Know Yourself

Like the members of any decent self-made band, these four guys need to go out flyering soon. They do that a lot, flyering, spreading the good word about their live shows through the mass distribution of handbills. For a little while on this recent weeknight, though, they find time to talk about it. What? I Don't Know.

Actually the four members of Miami's latest Next Big Thing (watch and see, ye skeptics) don't talk much about themselves or their band. Offered the chance to hype their new self-produced twenty-song CD, Gullible's Travels, the four collectively say this: "It's out." It's also outstanding, not simply because it's eclectic ethnic dance folk cranked by a punk ethos. And we'll get to that, but the first thing that comes up when you walk into the Shack -- I Don't Know's Hialeah warehouse recording studio, rehearsal space, and general hangout -- is the lizard.

It's a new lizard, named Creedence, to replace the old lizard, which died. Creedence is an iguana spending its first day in the Shack. The lizard has crawled up an American flag that hangs in the soundbooth. I've brought along a legal pad in case I feel a need to actually take notes. The pad is the same one my friend Zap was doodling on a few nights before. When I open it, I notice Zap's written in green ink the phrase "El Legarto." That roughly, very roughly, translates as, yes, "the lizard." (Actually, "el legarto," Zap says, is a Cubanism for "alligator," but nobody's in the mood to debate semantics.)

Drummer Izo Besares, accordionist Mark Ruiz, multi-instrumentalist Ferny Coipel, and new bassist Tony Landa seem to enjoy talking about the lizard and the etymology of el legarto. They also discuss the eating of Japanese tourists by some lions at one of those wildlife parks. The tourists, Besares reports, stepped outside their car to take photos, at which point the big cats stepped up to the proverbial dinner table. And Miami thinks it has p.r. problems.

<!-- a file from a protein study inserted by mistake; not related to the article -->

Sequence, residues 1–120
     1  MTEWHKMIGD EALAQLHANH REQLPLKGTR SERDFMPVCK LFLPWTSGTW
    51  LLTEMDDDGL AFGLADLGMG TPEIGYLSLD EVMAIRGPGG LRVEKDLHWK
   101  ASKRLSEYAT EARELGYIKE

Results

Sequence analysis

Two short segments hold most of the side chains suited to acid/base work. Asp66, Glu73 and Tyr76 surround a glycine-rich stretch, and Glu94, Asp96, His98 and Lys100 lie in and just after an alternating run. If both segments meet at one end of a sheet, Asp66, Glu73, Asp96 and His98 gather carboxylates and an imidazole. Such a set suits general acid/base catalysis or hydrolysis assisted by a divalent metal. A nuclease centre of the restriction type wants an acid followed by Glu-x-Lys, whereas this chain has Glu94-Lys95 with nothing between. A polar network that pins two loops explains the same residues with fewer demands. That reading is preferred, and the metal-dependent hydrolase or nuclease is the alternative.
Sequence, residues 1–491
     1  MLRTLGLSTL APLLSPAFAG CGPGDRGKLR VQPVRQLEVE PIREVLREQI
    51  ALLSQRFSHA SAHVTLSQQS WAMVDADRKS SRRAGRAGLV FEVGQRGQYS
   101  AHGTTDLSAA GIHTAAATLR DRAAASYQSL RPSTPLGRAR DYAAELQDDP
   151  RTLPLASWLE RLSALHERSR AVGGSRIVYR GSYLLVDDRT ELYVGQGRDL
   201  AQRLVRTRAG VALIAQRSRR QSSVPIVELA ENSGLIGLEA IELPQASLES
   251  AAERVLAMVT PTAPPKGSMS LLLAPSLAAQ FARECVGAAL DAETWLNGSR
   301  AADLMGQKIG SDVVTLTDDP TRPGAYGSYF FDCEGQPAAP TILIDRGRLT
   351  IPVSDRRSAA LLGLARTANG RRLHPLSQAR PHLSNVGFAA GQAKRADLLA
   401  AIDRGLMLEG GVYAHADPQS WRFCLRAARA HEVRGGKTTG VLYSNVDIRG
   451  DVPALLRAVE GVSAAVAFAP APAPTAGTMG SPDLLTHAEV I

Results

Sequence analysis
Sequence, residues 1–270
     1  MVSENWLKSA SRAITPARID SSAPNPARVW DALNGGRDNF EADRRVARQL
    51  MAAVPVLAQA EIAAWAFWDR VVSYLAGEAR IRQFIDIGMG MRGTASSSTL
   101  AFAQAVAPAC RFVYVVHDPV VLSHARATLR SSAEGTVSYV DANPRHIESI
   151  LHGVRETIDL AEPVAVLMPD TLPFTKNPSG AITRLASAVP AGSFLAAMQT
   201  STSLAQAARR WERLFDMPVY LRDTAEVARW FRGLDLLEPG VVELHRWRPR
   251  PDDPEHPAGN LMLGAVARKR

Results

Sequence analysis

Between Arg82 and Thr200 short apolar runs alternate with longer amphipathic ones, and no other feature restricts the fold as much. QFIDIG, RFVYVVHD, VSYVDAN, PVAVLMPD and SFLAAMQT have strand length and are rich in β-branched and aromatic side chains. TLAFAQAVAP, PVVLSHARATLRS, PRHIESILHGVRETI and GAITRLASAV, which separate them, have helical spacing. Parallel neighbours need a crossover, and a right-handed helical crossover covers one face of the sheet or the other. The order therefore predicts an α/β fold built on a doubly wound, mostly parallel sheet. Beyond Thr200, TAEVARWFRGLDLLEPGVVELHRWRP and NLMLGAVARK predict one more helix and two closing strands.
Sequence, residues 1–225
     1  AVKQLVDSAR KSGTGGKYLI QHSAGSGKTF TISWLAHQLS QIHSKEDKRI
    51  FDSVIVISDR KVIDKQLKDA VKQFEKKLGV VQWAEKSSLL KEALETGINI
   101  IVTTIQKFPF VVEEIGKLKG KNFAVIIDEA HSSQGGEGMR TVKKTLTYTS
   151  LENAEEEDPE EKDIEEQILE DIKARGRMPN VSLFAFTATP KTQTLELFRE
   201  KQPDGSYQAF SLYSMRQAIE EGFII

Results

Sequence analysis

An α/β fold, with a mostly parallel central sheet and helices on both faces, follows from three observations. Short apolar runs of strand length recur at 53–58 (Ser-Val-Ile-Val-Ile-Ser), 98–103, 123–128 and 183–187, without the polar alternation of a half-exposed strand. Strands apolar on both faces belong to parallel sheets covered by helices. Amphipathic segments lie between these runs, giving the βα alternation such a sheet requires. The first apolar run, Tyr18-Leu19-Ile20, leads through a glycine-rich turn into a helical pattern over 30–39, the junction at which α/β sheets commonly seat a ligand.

The boys in the band also mention that they watched the episode of Channel 7's 7:30 that featured Natural Causes. At the end of the program, 7:30 showed a clip of a captive bear that turned on some woman sitting next to it and beat the crap out of her. The Know boys think this is very funny, and they do have a point: Take any animal out of its natural habitat, and you assume the risk of that animal's natural behavior.

I Don't Know is in its element at the Shack, but the weirdness continues. One time, the guys claim, they were booked to open a big show at the Edge in Fort Lauderdale. Of course they created and distributed flyers to promote it. On the flyer was a small circle emblazoned with the words "suck me" and a bogus coupon that said "free genital massage." They hauled two carloads of equipment from Hialeah on show night. And they were told to haul themselves right back out of there. The club wanted no part of I Don't Know. "Apparently some kid took one of the flyers home," says Ferny Coipel. "And the kid's father saw it. He was a city councilman. I don't know his name. Just call him the Unknown Councilman. He threatened the club with a fine and to take their license away. C'mon!"